Due to the general impractability of pump-and-treat methods, other technologies have been developed which utilize a process commonly referred to as enhanced solubilization. Such a process uses micellar surfactant solutions to increase the effective solubility of the dense non-aqueous contaminants to accelerate the rate of removal. The mechanism for solubilization displayed by surfactants arises from the formation of microemulsions by the surfactants, water, and the solubilized dense non-aqueous liquid molecules.
One such technology is surfactant enhanced groundwater remediation (SEAR), which is particularly effective in the removal of chlorinated contaminants such as trichloroethylene (TCE) and perchloroethylene (PCE) from contaminated groundwater. In the SEAR process, a surfactant and other process chemicals such as a thickener and alcohol are injected into a contaminated groundwater to enhance solubility of the organic contaminants. Following dissolution, the contaminants, surfactant, and other process chemicals are pumped back to the surface where the chemicals are stripped, and treated water is reinjected to the groundwater. The SEAR process is particularly suited to remediation of groundwater in groundwater sites having an aquiclude such as a clay layer, which prevents downward vertical migration of solubilized organic contaminants. While the SEAR process is effective in clean-up of source contamination, the process is not an endpoint for water treatment, but rather is primarily useful in the removal of concentrated contaminants.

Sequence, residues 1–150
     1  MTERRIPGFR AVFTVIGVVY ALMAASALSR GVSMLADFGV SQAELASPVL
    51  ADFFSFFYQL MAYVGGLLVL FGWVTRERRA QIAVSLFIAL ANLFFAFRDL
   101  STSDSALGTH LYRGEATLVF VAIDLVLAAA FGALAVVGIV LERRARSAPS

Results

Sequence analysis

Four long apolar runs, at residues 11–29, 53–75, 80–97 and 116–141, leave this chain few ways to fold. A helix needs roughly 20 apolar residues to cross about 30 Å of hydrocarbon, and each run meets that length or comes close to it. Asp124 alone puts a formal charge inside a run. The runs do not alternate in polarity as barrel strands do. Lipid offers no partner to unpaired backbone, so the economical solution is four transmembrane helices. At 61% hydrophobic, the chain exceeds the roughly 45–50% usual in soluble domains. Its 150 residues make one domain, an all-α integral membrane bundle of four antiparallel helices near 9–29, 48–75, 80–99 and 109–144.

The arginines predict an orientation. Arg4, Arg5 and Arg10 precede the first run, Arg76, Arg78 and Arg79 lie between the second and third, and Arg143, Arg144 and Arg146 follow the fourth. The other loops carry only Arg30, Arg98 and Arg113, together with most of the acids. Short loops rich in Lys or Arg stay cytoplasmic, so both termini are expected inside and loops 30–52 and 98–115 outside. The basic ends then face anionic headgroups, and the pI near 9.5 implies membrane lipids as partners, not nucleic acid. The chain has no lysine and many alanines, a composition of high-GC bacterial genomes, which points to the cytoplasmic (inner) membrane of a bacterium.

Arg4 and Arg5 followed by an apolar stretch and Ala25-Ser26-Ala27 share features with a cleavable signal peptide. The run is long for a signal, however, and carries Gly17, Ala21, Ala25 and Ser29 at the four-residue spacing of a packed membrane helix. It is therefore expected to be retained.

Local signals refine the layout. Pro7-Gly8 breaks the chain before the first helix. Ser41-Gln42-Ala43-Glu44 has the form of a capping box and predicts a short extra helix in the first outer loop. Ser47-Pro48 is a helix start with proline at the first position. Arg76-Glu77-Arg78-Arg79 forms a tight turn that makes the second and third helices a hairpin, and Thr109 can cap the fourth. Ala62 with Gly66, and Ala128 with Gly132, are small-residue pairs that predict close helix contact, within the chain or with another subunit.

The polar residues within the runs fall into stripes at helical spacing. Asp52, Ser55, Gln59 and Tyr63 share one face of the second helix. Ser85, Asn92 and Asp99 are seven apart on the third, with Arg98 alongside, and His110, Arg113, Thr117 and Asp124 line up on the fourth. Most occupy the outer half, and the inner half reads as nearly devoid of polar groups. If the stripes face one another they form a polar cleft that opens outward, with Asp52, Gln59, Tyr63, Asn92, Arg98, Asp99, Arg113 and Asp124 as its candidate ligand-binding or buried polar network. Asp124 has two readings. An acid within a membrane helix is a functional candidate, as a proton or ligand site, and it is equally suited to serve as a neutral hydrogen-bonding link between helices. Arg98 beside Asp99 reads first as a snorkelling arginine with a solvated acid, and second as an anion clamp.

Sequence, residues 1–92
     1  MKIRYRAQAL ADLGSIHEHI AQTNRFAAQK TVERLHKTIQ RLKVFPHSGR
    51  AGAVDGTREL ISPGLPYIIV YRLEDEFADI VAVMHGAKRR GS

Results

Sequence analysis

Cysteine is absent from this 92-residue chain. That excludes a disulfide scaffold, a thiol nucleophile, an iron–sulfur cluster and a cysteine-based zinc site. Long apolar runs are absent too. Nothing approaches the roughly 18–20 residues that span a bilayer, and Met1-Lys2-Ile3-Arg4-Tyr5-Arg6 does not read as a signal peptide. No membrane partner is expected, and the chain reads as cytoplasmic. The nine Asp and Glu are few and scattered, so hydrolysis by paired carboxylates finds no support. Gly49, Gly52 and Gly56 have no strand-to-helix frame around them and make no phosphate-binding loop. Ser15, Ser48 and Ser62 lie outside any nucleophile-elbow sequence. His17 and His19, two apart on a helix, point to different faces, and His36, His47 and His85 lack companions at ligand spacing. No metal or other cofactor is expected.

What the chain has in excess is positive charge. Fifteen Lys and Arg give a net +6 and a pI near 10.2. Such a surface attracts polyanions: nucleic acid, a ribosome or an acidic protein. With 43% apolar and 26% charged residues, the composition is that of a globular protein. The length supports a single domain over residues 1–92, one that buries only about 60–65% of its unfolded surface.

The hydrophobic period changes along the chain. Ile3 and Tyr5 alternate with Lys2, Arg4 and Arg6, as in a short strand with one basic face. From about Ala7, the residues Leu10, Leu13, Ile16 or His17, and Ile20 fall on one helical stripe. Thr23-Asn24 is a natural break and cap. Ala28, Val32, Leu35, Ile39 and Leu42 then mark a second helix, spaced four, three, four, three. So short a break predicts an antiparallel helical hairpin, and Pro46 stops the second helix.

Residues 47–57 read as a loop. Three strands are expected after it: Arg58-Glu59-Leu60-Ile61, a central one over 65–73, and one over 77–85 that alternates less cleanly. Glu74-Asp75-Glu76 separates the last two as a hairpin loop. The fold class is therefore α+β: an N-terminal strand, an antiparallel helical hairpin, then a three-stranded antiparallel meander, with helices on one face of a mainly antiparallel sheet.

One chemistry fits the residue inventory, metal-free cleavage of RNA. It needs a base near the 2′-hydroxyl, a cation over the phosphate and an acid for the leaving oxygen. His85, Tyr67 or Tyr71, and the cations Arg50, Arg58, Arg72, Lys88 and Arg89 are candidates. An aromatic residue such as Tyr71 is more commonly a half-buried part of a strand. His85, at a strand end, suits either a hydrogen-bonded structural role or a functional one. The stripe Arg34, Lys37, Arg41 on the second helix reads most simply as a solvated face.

The SEAR process generates effluent water containing high concentrations of PCE, TCE, surfactant, and other process chemicals. Typical TCE/PCE concentrations in the SEAR effluent range as high as 5000 ppm. Alcohol and surfactant concentrations may reach up to 12% and 4%, respectively. Effluent treatment is a significant cost burden to the SEAR process, with up to 40% of the total SEAR process cost arising from effluent treatment.
A related technique is surfactant enhanced groundwater remediation at neutral buoyancy (SEAR-NB), which is an enhanced pump-and-treat method for remediation of TCE and PCE contaminated groundwater that is disclosed in U.S. Pat. No. 5,993,660 to Shook et al. In this process, surfactant, alcohol, and other components injected into a contaminated groundwater, are optimized to provide a microemulsion with a substantially neutral buoyancy with respect to the groundwater. Thus, the SEAR-NB process is particularly suited to remediation of groundwater in groundwater sites that do not have an aquiclude to prevent downward vertical migration of solubilized contaminants.
Considerable chemical cost is associated with the SEAR-NB process. Significant capital and operating costs are associated with the operation of a SEAR-NB effluent treatment plant. Effluent treatment currently accounts for approximately 50% of the total cost of the SEAR-NB process, not including costs associated with the loss of high value chemicals. Such loss of high value chemicals has a significant detrimental impact on the overall economics of the SEAR-NB process.